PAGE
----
As Weyes Blood, Natalie Mering’s music has evolved from medieval psychedelia (2011’s The Outside Room) to disenfranchised Americana (2014’s The Innocents) to doomsday folk (2016’s Front Row Seat to Earth). Her latest and best record yet, Titanic Rising—which she has described as “the Kinks meet WWII or Bob Seger meets Enya”—ruminates on the struggle to find love and meaning in this bizarre moment in history.
On the frantic “Everyday,” Mering channels Carole King as she sings about her fear of being alone in the brutal age of left swipes, while the slide guitar on “Andromeda” makes her sound like an extraterrestrial cowboy navigating the vast and lonely cosmos. (It also includes some magnificent sardonicism, with lines like “Treat me right/I’m still a good man’s daughter.”) Finger-snaps spoil the otherwise brooding “Mirror Forever,” but that’s essentially the record’s only weak moment.
And although Mering perfectly illustrates all the big, lost feelings that can surface when drinking too much coffee sends you into a full-on existential spiral, the album’s standout track, “Something to Believe,” still feels bright and hopeful. Her voice sounds more powerful than ever, reverberating with hair-raising intensity, and her lyrics continue to hit me right in the heart: “Give me something I can see/Something bigger and louder than the voices in me.”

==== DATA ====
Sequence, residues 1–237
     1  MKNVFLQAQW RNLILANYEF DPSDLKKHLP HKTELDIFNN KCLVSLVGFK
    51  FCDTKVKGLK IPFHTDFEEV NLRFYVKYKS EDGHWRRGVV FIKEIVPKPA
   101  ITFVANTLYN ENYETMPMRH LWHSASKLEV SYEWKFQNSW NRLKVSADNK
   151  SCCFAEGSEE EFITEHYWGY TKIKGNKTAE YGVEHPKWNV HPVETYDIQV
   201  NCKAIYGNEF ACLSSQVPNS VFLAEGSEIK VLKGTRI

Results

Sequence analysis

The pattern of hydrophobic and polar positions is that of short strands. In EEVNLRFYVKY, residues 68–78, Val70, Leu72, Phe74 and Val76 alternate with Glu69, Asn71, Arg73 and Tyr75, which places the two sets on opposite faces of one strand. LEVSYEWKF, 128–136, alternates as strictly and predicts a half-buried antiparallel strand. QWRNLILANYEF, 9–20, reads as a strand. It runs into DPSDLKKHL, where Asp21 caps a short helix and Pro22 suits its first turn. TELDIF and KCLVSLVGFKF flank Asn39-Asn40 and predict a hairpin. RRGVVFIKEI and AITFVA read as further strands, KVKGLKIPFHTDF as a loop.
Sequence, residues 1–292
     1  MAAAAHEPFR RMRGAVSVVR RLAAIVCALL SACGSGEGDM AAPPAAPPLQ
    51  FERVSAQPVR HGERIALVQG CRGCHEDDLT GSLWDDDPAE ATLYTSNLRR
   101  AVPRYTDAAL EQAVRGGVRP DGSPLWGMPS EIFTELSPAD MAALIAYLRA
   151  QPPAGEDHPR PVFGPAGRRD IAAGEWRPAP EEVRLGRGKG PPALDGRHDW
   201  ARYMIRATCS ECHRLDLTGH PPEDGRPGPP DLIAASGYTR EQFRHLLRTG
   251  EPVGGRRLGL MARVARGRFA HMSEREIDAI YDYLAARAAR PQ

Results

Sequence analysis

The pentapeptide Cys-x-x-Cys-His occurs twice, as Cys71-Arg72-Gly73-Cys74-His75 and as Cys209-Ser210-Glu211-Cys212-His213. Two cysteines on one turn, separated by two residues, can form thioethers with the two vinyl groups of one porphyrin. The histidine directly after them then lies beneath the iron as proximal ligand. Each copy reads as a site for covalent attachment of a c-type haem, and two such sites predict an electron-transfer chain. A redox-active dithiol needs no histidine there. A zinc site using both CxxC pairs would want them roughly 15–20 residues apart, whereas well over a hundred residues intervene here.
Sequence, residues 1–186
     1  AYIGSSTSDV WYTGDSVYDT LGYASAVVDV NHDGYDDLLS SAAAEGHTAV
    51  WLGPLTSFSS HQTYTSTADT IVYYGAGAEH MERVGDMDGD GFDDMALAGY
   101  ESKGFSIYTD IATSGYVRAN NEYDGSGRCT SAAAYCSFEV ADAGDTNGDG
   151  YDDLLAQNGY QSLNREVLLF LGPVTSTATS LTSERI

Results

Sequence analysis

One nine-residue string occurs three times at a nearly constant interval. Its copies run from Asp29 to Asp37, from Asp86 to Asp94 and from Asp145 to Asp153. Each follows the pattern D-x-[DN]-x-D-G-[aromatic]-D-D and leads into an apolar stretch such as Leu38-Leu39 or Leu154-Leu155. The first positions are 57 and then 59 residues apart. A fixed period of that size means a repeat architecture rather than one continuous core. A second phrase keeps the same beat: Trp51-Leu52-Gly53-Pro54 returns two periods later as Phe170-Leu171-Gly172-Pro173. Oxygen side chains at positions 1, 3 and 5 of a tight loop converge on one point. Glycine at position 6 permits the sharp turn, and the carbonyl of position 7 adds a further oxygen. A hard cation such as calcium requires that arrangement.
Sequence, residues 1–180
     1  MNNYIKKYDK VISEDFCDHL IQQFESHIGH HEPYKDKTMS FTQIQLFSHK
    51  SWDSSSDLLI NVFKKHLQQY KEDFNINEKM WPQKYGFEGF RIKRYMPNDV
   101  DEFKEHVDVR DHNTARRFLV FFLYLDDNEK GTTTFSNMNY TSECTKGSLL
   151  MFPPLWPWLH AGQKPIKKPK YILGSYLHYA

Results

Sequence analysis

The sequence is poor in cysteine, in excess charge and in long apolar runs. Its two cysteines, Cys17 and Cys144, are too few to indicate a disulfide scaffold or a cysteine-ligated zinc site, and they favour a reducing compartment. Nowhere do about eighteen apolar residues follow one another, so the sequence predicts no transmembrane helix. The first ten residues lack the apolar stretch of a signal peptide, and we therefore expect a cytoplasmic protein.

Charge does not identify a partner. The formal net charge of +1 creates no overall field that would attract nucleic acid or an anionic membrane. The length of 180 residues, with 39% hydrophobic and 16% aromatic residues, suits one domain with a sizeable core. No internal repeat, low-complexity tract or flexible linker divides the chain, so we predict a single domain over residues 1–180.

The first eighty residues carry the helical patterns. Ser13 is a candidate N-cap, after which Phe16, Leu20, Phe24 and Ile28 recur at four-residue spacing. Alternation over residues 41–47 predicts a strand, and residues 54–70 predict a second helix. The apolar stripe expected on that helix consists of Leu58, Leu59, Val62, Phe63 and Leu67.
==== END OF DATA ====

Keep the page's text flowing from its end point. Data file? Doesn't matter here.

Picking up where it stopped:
Like the title suggests, Titanic Rising is fantastical and cinematic, but even as she’s forecasting total destruction, Mering is able to find beauty and goodness in herself, others, and this strange planet. “I hope you could have a smile during the apocalypse and be grateful for whatever conditions exist,” she recently told Pitchfork, “because life is a beautiful thing.”